These other curcuminoids also exhibit anti-inflammatory properties2, so are useful. Fortunately they get extracted at the same time as curcumin, so if you’re consuming a curcumin extract, it will contain DMC & BDMC also. In the approximate ratio of 77% curcumin, 17% demethoxycurcumin and 3% bisdemothoxycurcumin3.


The turmeric root on the left and its dry, powdered version on the right. Powdered turmeric is not the same as curcumin extract.

Difference between Turmeric and a “Curcumin Supplement”?

When you’re consuming a curcumin supplement, it typically means that the (approximately) 5% of curcumin present in turmeric has been extracted using a solvent4.

This way, the powder you end up with is in the range of 95% curcumin, rather than ~5% curcumin if it was a turmeric powder.

Curcumin Benefits

One of the key mechanisms of action behind curcumin is its ability to reduce chronic inflammation. Inflammation itself is not a bad thing, in fact its an essential survival mechanism that helps our bodies fight illness and heal injuries. Essentially what we mean by this is, when there’s an infection or physical trauma, we want inflammatory signals to communicated, such that the immune system, and other key systems can take action. However if there’s chronic inflammation, or inflammation in the wrong places, we have a problem.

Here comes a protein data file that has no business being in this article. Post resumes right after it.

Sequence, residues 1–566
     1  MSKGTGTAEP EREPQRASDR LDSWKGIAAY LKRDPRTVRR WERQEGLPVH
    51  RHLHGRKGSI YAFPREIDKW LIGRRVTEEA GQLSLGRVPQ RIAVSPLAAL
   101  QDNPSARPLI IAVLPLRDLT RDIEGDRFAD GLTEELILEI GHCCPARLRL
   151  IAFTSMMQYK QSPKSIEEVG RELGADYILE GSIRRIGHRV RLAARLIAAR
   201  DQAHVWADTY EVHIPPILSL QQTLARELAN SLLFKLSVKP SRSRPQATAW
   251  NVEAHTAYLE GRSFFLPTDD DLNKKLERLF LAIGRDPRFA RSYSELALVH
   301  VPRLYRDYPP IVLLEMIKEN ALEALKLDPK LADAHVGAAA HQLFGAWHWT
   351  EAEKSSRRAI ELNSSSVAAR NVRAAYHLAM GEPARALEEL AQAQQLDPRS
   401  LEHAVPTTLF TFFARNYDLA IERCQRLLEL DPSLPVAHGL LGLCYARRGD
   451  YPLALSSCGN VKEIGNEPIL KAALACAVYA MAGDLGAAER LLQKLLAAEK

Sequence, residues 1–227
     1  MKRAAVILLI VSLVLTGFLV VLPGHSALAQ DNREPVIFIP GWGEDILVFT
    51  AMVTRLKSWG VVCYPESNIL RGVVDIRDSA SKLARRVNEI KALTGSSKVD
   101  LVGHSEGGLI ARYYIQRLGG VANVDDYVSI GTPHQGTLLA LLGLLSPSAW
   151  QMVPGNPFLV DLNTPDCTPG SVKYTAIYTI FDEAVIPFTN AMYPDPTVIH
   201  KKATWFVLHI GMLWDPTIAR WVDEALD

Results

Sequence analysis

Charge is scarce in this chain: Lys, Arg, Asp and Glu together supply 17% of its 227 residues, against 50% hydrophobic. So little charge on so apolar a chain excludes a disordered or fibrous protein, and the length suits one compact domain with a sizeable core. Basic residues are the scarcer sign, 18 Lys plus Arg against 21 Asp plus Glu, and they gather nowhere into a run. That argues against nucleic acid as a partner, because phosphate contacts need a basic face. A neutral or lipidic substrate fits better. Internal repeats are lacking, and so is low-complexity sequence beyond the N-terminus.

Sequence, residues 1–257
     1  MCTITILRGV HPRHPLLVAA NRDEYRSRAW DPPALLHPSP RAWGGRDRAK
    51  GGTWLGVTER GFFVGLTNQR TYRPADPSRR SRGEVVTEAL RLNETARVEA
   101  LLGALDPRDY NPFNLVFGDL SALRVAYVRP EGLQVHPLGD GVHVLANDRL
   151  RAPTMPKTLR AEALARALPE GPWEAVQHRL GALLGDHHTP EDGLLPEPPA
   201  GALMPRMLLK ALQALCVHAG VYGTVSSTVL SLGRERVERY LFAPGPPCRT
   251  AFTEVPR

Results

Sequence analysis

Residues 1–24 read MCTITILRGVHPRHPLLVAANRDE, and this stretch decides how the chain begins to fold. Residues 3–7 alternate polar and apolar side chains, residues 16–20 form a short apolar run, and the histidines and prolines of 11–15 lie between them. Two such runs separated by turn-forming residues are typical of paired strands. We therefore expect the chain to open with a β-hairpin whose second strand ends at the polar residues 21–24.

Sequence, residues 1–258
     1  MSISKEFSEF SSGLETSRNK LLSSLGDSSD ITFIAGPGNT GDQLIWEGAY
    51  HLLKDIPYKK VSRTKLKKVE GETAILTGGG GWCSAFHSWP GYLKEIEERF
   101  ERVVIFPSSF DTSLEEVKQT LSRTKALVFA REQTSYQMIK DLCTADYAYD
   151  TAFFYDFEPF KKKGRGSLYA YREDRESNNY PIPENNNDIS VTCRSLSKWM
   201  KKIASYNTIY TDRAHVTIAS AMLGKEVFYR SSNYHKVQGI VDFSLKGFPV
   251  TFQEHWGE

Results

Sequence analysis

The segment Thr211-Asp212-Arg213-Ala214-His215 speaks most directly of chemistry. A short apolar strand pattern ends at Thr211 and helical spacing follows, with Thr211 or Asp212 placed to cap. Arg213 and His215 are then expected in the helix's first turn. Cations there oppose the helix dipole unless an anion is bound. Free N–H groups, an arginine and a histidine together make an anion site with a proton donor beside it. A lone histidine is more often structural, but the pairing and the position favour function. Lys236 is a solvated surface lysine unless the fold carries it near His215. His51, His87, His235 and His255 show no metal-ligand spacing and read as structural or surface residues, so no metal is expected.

Proteins within our body called cytokines control cell signalling to stimulate or reduce inflammation. When this system has issues regulating itself correctly, it results in unnecessary inflammation of the body. Curcumin has been shown to regulate the release of pro-inflammatory cytokines. Examples of this include: